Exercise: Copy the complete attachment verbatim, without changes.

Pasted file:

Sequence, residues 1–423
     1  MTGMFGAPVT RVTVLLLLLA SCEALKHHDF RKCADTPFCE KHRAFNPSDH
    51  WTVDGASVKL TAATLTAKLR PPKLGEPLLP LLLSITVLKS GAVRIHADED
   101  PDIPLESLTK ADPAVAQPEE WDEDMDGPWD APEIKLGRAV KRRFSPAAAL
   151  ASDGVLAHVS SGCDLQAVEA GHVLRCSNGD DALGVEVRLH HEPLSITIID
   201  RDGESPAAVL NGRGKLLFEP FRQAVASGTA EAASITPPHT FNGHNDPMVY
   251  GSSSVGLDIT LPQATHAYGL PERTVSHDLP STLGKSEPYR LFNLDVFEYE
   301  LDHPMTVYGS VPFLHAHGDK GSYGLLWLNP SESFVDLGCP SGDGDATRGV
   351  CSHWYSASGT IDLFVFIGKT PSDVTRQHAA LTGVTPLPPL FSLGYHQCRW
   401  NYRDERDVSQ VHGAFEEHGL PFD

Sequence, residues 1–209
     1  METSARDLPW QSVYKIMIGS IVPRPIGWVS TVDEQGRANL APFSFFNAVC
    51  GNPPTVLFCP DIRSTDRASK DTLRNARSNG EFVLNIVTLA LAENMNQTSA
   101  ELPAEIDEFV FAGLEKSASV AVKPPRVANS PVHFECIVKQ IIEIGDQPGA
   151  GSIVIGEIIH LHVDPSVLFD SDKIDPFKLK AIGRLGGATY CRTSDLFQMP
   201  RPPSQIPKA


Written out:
Sequence, residues 1–423
     1  MTGMFGAPVT RVTVLLLLLA SCEALKHHDF RKCADTPFCE KHRAFNPSDH
    51  WTVDGASVKL TAATLTAKLR PPKLGEPLLP LLLSITVLKS GAVRIHADED
   101  PDIPLESLTK ADPAVAQPEE WDEDMDGPWD APEIKLGRAV KRRFSPAAAL
   151  ASDGVLAHVS SGCDLQAVEA GHVLRCSNGD DALGVEVRLH HEPLSITIID
   201  RDGESPAAVL NGRGKLLFEP FRQAVASGTA EAASITPPHT FNGHNDPMVY
   251  GSSSVGLDIT LPQATHAYGL PERTVSHDLP STLGKSEPYR LFNLDVFEYE
   301  LDHPMTVYGS VPFLHAHGDK GSYGLLWLNP SESFVDLGCP SGDGDATRGV
   351  CSHWYSASGT IDLFVFIGKT PSDVTRQHAA LTGVTPLPPL FSLGYHQCRW
   401  NYRDERDVSQ VHGAFEEHGL PFD

Sequence, residues 1–209
     1  METSARDLPW QSVYKIMIGS IVPRPIGWVS TVDEQGRANL APFSFFNAVC
    51  GNPPTVLFCP DIRSTDRASK DTLRNARSNG EFVLNIVTLA LAENMNQTSA
   101  ELPAEIDEFV FAGLEKSASV AVKPPRVANS PVHFECIVKQ IIEIGDQPGA
   151  GSIVIGEIIH LHVDPSVLFD SDKIDPFKLK AIGRLGGATY CRTSDLFQMP
   201  RPPSQIPKA